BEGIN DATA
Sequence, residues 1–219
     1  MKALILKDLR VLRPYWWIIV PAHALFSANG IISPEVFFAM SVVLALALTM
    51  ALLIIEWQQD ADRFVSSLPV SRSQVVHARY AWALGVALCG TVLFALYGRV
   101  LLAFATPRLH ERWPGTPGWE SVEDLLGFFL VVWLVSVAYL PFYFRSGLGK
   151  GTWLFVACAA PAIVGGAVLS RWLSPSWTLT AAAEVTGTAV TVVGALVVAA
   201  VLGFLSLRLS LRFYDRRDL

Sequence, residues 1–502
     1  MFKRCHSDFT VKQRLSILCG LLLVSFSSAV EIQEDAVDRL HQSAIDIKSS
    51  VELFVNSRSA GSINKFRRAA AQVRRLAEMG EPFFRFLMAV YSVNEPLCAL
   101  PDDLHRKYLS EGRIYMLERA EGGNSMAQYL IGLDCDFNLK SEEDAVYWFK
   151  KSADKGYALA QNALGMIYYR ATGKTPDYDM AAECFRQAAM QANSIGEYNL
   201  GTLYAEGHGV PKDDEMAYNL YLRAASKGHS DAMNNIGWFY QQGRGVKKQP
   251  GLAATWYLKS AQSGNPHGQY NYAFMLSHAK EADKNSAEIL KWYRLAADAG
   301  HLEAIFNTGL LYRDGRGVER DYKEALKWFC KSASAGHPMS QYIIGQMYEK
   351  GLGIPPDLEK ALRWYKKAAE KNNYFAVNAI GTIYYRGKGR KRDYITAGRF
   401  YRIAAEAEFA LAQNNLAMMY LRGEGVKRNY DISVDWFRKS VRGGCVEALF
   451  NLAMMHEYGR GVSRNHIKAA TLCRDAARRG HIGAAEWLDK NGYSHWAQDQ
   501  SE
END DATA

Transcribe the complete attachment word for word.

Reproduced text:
Sequence, residues 1–219
     1  MKALILKDLR VLRPYWWIIV PAHALFSANG IISPEVFFAM SVVLALALTM
    51  ALLIIEWQQD ADRFVSSLPV SRSQVVHARY AWALGVALCG TVLFALYGRV
   101  LLAFATPRLH ERWPGTPGWE SVEDLLGFFL VVWLVSVAYL PFYFRSGLGK
   151  GTWLFVACAA PAIVGGAVLS RWLSPSWTLT AAAEVTGTAV TVVGALVVAA
   201  VLGFLSLRLS LRFYDRRDL

Sequence, residues 1–502
     1  MFKRCHSDFT VKQRLSILCG LLLVSFSSAV EIQEDAVDRL HQSAIDIKSS
    51  VELFVNSRSA GSINKFRRAA AQVRRLAEMG EPFFRFLMAV YSVNEPLCAL
   101  PDDLHRKYLS EGRIYMLERA EGGNSMAQYL IGLDCDFNLK SEEDAVYWFK
   151  KSADKGYALA QNALGMIYYR ATGKTPDYDM AAECFRQAAM QANSIGEYNL
   201  GTLYAEGHGV PKDDEMAYNL YLRAASKGHS DAMNNIGWFY QQGRGVKKQP
   251  GLAATWYLKS AQSGNPHGQY NYAFMLSHAK EADKNSAEIL KWYRLAADAG
   301  HLEAIFNTGL LYRDGRGVER DYKEALKWFC KSASAGHPMS QYIIGQMYEK
   351  GLGIPPDLEK ALRWYKKAAE KNNYFAVNAI GTIYYRGKGR KRDYITAGRF
   401  YRIAAEAEFA LAQNNLAMMY LRGEGVKRNY DISVDWFRKS VRGGCVEALF
   451  NLAMMHEYGR GVSRNHIKAA TLCRDAARRG HIGAAEWLDK NGYSHWAQDQ
   501  SE